The Tax Chamber of the First Tier Tribunal was established on 1 April 2009 and replaces the General and Special Commissioners.
The Tax Chamber is independent to HMRC and hears the majority of appeals against HMRC. The onward appeal, on points of law, is to the Upper Tribunal (Tax and Chancery).
The principal difference now is that HMRC are no longer responsible for listing appeals for a hearing. Instead it is the individual’s responsibility to make an appeal to the Tribunal. It will then be up to the Tribunal to decide where and when it will be heard.
The Tax Tribunals are now much more legally focussed than before and experience has shown that in order to secure the highest chance of success, preparation, planning and gathering of evidence at an early stage is crucial. Therefore, where matters are to proceed to litigation, it is vital to consult with a tax team, who are highly experienced not only in the mechanical process of the Tax Tribunals, but also in articulating individuals’ cases in front of legally qualified Judges.
Processes and Deadlines
Once HMRC has issued a decision which can be appealed against, then an individual has 30 days to submit their written appeal to HMRC. It is usual to submit this appeal to the officer who has made the decision and who is referred throughout the process as the decision maker.
Since the new Tribunal process, it is not recommended that the sole reason for the appeal is that any assessments / determinations are estimated and excessive. Specific reasons together with calculations of the revised liability should be submitted, as on occasions the decision maker may accept the reasons for the appeal and settle matters before going any further. An application to postpone all or part of the disputed liability can be made at the same time as the appeal.
However, if it has not been possible to settle the appeal, then HMRC can offer an internal review of the issue. Where HMRC offer a review, an individual has 30 days to accept the offer. Once accepted, the decision maker submits all paperwork to another officer, also known as the reviewing officer, who has not previously been involved in the case and the reviewing officer will write out providing their contact details. Further evidence can be supplied in support of the case. The reviewing officer has 45 days to complete their review. This date can be extended by mutual agreement. Upon completion of the review, the reviewing officer will either:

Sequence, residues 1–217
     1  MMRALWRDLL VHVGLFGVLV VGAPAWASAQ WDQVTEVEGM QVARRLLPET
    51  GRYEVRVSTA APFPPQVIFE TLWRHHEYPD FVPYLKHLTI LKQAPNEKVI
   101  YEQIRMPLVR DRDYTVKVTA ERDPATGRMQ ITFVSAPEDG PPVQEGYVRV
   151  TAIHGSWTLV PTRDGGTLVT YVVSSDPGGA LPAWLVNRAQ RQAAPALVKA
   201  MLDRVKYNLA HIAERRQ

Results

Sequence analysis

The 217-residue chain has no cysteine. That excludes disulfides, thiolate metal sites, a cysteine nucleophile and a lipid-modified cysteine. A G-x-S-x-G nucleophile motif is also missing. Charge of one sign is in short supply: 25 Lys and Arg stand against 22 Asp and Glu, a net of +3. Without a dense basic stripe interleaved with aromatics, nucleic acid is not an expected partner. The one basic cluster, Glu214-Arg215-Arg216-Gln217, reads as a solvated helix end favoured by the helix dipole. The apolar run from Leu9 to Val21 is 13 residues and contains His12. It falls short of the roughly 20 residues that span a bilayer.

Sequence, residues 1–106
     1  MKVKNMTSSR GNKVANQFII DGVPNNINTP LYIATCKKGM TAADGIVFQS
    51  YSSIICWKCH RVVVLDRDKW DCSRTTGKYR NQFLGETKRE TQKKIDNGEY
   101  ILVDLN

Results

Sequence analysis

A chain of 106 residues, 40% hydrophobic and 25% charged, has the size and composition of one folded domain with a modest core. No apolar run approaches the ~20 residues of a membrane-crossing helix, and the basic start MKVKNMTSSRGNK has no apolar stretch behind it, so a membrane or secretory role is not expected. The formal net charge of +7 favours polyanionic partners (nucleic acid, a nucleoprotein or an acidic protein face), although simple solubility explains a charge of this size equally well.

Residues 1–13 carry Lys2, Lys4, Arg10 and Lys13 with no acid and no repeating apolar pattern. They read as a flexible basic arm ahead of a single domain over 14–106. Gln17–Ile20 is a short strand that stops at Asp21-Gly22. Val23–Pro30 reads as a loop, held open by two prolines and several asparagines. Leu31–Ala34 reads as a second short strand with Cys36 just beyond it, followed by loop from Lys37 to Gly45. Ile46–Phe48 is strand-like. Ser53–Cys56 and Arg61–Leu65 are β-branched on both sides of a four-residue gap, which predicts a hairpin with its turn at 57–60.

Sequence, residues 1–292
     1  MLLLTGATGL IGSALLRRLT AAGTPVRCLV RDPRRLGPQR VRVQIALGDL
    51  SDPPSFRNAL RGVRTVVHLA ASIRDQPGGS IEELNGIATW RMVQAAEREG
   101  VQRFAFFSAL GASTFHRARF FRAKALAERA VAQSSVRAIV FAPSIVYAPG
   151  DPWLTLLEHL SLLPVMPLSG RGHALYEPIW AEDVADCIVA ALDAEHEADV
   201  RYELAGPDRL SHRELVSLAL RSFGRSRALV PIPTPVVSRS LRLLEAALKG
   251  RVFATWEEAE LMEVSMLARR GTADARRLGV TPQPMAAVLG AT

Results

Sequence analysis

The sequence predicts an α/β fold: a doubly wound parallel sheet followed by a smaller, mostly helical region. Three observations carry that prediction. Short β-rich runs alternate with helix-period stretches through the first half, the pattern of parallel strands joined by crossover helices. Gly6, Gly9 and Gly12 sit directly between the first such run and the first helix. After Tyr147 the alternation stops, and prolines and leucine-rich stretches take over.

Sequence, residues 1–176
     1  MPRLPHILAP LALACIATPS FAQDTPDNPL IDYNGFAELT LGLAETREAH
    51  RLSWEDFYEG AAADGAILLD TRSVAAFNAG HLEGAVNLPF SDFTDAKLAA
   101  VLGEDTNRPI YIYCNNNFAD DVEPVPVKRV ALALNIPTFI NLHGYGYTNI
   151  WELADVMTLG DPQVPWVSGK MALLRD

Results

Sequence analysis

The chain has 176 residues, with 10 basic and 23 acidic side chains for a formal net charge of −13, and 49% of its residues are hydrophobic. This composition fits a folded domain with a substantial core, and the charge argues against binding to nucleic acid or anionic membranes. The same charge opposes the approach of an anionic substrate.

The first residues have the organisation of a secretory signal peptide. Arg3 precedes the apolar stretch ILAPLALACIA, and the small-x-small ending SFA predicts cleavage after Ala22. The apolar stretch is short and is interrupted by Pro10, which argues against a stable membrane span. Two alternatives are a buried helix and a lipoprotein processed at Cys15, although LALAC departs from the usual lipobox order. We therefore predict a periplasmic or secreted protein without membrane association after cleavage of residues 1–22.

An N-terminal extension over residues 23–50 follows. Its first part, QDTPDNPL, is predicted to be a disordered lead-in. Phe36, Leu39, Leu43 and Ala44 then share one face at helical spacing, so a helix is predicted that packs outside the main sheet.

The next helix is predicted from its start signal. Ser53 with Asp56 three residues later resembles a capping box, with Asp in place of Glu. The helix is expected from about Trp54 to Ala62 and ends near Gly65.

- Uphold the original decision.
- Vary the original decision.
- Settle the appeal.
If the review decision is not accepted, then an appeal can be made to the First Tier Tribunal. This has to be made on a standard application form and submitted to the First Tier Tribunal within 30 days from the review decision.
Once an appeal has been received by the First Tier Tribunal, it is placed in one of four categories:
- Default paper.
Notification of which category the appeal has been allocated to will be sent, together with an outline of how the appeal will proceed.
With the exception of the default paper category, the remaining three categories all require an oral hearing. Where HMRC are required to produce a Statement of Case, they will have 42 days under the default paper category and 60 days under the Standard and Complex categories.
It may be appropriate in complex cases that Case Directions are agreed by the First Tier Tribunal, which will set out precise deadlines for the appellant and HMRC. These Directions could include deadlines for the exchange of documents which have not previously been submitted to either party, dates for exchanging witness statements and a deadline for providing skeleton arguments.
The First Tier Tribunal will set a date for the hearing based on the complexity of the case and could run for several days. The appellant usually goes first in presenting its case and HMRC (the defendant) can cross examine any witnesses that are put forward. A decision by the Judge may be given on the day or at a later date (within 28 days of the hearing).
Whilst a decision can still be appealed to the Upper Tribunal (Tax and Chancery) this is only on points of law. Consequently it is imperative that all the facts of the case are presented in a clear and coherent manner to enable the Judge to make an informed decision.
For more information and to arrange a free initial consultation please contact Doug Sinclair.